Drinks

Aranged by grape, the two-pager wine list is compiled by Caroll, and former alumni of The Guinea Grill, Sujan Chowdhury and Annabel Hunt, the latter having long ago performed a gap year job with importer, Mentzendorff & Co. By the glass, options range from Sicilian Nero d’Avola and Nerello Mascalese blend, Borgo Selene Rosso 2022 at £7.50 per 175ml, or £28 per bottle versus £13 retail, to £20 for Vincent Besson’s 2019 “Au Clos” from Domaine de Pouilly-Fuissé, being £83 per bottle versus circa £40 on the high street. The highest priced wine is Rotem & Mounir Saouma’s 2018 Omnia at £194, a Grenache led Châteauneuf-du-Pape which may be found for £60 retail. Champagnes include Philiponnat 2016 Blanc de Noirs at £130, being just over double retail, while magnums include 2015 Château Biac from Cadillac at £196 (£90 retail). Priced at £32, an interesting entente between England and Portugal manifests as the lightly cardoon and antler branded Síria, (a.k.a. Roupeiro) from Quinta do Cardo at £32.

This being an opening list, there is vast room for the sort of big gun reds which affluent regulars will demand with the heroic protein, as well as, given the English larder, a wider range of meaningful English sparkling wines. All wines are poured in Jancis Robinson-Richard Brendon stemware. Coffee comes from Palmer-Watts’ own coffee company, Artisan, including “Heroine” espresso

Dishes

Ordered from a menu which is beautifully handwritten by Hunt, dishes were realised by a team led by Palmer-Watts and head chef, Jamie Guy (formerly of HIX, The Gallivant, and Brown’s hotel) with wines prescribed by Hunt, who sported grape cluster earrings.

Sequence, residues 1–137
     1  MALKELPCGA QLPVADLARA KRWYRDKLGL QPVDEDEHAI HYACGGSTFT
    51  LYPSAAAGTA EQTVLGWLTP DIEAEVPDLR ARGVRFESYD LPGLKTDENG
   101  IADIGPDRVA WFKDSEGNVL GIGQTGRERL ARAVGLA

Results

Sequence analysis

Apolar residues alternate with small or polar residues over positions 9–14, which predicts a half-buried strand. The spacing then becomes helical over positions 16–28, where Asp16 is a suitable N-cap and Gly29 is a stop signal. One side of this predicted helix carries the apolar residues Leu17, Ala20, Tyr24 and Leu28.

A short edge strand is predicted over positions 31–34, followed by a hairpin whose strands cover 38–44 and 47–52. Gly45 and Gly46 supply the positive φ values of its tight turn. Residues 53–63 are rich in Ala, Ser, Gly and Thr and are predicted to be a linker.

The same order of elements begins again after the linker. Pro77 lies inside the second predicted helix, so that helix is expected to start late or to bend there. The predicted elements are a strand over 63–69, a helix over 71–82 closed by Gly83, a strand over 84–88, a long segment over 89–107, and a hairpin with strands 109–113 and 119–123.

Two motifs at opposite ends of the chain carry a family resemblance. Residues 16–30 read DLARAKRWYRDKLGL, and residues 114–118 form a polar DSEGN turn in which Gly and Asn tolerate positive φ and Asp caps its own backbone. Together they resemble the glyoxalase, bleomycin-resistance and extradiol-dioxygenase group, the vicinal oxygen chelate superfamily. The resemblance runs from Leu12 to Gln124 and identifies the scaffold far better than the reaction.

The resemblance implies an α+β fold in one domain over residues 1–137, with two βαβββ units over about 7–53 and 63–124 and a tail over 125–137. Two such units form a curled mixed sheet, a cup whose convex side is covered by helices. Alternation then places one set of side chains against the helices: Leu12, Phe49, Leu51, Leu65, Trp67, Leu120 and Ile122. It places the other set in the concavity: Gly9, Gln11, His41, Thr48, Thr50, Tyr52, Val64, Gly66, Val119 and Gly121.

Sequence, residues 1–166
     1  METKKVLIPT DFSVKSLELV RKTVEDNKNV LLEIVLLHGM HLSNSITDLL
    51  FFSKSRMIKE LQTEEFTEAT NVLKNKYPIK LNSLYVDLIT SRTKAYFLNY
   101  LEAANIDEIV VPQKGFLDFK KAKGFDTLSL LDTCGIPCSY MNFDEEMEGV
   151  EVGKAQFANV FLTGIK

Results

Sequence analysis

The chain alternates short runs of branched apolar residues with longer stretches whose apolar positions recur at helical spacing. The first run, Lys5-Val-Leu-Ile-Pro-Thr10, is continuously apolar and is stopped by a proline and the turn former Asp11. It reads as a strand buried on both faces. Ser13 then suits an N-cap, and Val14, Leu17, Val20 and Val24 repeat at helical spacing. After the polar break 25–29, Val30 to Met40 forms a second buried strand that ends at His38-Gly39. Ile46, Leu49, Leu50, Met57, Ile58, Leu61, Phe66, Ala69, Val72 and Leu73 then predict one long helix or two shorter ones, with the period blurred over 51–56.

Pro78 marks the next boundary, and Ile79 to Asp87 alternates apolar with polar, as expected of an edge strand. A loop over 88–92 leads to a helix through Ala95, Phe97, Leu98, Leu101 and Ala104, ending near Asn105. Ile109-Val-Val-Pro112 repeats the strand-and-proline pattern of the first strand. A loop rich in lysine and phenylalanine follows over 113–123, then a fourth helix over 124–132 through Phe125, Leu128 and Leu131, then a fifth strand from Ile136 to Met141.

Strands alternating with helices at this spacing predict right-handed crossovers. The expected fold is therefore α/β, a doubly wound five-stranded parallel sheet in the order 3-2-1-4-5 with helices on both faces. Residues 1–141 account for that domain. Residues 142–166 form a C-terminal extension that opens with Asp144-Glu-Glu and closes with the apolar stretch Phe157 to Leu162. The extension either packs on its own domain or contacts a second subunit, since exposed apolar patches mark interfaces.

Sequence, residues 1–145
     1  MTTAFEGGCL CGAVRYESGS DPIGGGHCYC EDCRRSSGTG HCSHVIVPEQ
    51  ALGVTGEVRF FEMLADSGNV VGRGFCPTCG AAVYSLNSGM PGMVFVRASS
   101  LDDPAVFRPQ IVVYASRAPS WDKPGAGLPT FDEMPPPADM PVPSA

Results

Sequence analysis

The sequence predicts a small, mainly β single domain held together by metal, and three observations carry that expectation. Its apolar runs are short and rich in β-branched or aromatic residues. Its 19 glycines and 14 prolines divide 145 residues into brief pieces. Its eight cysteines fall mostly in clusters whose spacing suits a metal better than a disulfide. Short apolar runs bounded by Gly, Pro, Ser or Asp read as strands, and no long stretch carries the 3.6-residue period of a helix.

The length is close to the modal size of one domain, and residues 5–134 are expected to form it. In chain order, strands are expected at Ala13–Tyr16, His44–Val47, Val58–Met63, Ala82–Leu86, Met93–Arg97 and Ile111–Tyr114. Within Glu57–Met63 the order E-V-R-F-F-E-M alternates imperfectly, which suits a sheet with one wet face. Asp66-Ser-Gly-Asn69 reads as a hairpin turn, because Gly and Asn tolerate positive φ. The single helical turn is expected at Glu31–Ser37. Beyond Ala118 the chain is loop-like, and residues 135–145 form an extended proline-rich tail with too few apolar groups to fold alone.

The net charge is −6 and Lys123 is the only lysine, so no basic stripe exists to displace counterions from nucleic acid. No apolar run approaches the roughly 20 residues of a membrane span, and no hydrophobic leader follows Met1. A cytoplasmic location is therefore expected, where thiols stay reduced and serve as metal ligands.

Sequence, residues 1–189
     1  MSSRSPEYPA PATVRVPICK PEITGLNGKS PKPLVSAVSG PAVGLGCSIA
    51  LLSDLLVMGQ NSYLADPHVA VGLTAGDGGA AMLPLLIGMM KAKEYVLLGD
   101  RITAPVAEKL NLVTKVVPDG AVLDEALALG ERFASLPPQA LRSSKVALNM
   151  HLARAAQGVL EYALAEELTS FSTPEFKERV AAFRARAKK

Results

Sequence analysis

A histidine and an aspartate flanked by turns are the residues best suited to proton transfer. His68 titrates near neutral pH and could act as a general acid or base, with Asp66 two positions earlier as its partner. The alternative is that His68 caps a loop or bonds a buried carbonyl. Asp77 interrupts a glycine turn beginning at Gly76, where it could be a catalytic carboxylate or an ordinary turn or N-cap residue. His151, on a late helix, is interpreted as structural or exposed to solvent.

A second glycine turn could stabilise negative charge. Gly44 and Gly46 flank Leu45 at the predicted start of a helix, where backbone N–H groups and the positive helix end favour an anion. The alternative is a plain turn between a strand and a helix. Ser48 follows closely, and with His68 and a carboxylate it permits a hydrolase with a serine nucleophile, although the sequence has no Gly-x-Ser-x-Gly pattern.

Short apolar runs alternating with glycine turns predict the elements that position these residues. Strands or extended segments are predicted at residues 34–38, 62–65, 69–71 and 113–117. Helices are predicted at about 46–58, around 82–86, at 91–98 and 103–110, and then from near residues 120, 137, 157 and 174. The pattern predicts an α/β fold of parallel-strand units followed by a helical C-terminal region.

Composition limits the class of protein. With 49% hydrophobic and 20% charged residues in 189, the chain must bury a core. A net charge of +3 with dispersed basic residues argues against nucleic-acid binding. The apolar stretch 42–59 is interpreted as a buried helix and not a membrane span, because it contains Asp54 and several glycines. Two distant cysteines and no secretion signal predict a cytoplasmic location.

Served from a tin which would not have looked out of place in an operating theatre, lunch began with a downy brown butter roll with a slim, salted mantle, inspired by the teaching of Daisy Terry of The Dusty Knuckle Bakery. Alongside, Jeroboams’ own non-malolactic, Pinot Meunier dominated Laytons Reserve Brut by Lanson fizzled, succeeding, at least, in delivering value though it would be hard to imagine ever craving a second glass.

Next, Hunt poured the beautifully developed, aforementioned, butterscotch-scented, silky Au Clos with a quartet of scallops. Caressed by three-month barrel-aged Cornish malt vinegar, which discretely informs several dishes, and a hint of citrus, the scallops benefited from a light crumb and home-cured bacon morsels. The wine continued to expand with a pretty brawn toast fried in Ibérico pork fat, which evoked a premium sausage roll, adorned and pepped with sharp pickles and mustard.

 

With “a pile” of slim langoustines with tender flesh, dressed in the same shellfish and white soy emulsion which accompanies another lobster dish, Hunt chose a wine to “restore faith in Pinot Grigio”, Le Rigiade 2022, a somewhat angular wine perhaps best described as academic rather than dirty weekend.